Chapman notes that even during filming they would rehearse sometimes more than 20 times before rolling. If the weather conditions weren't right, they'd spend that downtime running scenes, nearly constantly in movement. "We should have had like a pedometer or something," MacKay jokes.
The shoot also required its performers to participate in entire filmmaking process. During one sequence, set in a German bunker, Chapman and George were in possession of the only light source, essentially serving as assistants to famed cinematographer Roger Deakins in capturing the atmosphere. "Roger would be very good at giving us notes and we would have to be very specific on what we were pointing at to light what the camera was seeing," Chapman says. When the detailed choreography went awry, that was often incorporated into the final product. Such was the case of the climactic sequence wherein MacKay makes a mad dash amid exploding bombs as his fellow soldiers are going over the top. "When some sort of mistake happened we had to give it a real life and energy," he says. "When I get knocked over a bunch of times that was just what happened. But everyone was just like we do not say stop until someone says stop."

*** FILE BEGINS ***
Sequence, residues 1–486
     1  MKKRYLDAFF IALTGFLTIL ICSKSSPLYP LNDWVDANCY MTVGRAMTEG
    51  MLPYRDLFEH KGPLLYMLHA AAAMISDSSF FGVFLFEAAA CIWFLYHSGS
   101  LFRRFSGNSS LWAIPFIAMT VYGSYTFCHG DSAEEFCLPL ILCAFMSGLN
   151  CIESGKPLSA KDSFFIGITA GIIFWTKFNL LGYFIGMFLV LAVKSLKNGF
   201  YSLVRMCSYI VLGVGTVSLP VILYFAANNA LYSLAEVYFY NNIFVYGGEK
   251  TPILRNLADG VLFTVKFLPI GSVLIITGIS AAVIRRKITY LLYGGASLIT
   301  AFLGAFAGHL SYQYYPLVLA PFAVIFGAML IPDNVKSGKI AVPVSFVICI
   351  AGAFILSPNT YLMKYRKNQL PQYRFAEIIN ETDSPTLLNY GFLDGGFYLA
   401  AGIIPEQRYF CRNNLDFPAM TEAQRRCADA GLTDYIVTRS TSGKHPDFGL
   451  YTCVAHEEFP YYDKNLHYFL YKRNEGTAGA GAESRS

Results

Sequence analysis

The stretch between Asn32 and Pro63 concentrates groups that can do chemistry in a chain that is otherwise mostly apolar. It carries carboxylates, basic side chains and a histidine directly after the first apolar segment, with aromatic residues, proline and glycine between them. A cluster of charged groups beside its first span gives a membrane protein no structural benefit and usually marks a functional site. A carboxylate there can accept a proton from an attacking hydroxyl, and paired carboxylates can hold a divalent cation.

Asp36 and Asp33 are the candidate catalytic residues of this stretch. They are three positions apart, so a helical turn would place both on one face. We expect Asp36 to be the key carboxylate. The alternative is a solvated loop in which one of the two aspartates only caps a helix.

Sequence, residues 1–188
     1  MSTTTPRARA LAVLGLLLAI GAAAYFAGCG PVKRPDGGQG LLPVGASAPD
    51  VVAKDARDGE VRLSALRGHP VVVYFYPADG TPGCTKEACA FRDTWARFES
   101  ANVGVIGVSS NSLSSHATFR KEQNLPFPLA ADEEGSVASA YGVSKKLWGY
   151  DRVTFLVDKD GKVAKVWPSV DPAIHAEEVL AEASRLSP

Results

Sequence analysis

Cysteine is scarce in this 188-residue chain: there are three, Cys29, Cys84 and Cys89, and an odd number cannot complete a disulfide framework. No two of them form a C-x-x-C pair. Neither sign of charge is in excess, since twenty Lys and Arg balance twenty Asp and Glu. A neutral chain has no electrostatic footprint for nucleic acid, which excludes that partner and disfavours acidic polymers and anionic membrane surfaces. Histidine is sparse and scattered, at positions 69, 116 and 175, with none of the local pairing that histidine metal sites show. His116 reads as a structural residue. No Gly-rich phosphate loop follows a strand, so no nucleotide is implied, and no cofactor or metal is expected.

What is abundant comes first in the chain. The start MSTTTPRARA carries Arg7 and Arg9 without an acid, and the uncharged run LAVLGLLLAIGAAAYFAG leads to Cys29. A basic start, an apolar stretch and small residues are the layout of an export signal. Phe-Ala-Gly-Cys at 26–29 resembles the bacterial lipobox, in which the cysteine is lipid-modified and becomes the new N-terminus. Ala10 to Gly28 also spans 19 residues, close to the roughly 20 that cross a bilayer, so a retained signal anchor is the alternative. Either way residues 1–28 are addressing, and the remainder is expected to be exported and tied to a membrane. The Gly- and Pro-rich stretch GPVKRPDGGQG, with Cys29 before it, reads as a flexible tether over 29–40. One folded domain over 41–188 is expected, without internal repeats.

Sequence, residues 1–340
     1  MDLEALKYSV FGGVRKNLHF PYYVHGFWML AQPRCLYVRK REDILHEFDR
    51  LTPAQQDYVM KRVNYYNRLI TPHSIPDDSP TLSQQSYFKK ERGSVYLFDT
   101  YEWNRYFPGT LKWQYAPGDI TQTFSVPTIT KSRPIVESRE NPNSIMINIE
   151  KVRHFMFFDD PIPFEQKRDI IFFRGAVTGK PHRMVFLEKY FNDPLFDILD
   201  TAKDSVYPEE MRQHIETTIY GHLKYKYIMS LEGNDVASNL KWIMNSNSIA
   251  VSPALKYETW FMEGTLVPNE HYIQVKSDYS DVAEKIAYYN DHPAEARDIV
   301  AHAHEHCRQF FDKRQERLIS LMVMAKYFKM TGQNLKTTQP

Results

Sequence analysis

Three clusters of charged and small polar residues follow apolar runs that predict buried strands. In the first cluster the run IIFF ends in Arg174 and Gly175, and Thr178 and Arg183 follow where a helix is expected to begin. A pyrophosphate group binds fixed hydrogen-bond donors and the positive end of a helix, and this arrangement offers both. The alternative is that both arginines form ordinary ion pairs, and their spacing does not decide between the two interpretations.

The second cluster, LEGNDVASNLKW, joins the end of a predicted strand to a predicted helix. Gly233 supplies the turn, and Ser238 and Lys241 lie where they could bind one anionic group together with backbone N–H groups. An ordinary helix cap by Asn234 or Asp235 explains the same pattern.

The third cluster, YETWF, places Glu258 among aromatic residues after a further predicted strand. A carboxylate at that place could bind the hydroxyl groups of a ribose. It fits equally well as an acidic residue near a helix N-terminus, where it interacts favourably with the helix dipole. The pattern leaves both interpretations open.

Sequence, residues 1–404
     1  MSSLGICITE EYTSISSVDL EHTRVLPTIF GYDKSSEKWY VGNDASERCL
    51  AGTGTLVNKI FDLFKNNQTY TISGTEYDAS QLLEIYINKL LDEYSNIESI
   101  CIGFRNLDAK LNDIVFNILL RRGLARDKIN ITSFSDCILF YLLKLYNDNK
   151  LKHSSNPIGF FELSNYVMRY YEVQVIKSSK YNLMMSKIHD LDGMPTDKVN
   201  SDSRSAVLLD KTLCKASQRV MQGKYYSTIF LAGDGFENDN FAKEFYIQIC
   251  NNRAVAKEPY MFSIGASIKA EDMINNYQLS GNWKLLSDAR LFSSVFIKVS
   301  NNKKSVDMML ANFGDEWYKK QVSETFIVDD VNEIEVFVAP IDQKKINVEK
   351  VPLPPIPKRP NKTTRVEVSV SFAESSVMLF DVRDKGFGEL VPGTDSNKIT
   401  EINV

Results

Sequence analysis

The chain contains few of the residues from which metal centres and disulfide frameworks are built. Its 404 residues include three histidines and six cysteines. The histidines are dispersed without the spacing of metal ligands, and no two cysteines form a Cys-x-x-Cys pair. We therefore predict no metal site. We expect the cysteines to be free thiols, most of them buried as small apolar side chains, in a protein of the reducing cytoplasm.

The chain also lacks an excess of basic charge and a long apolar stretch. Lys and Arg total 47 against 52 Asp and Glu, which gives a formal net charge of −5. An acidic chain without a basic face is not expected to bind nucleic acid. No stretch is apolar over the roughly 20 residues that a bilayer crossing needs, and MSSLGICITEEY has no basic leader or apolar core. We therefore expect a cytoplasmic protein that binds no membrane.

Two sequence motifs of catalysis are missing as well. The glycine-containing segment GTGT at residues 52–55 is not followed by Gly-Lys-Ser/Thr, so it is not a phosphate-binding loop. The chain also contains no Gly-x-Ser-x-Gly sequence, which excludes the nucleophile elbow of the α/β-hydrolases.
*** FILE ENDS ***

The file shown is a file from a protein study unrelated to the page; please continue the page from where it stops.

For Chapman, the intensity of the environment made his character's ultimate fate, a shocking demise midway through the action, more emotional. The moment in which Blake is unexpectedly stabbed after trying to aid a downed enemy pilot is the only one Chapman didn't rehearse. "As an actor, these continuous takes really allow [you] to just become fully immersed in what you're doing," he says. "I know this sounds stupid, but I genuinely believed I was dying. When they called cut, I'm serious, I couldn't stop crying." With Blake's journey left incomplete, Chapman felt his was too. "I literally got so lost in it I was living in it rather than acting," he says. "It was a weird experience."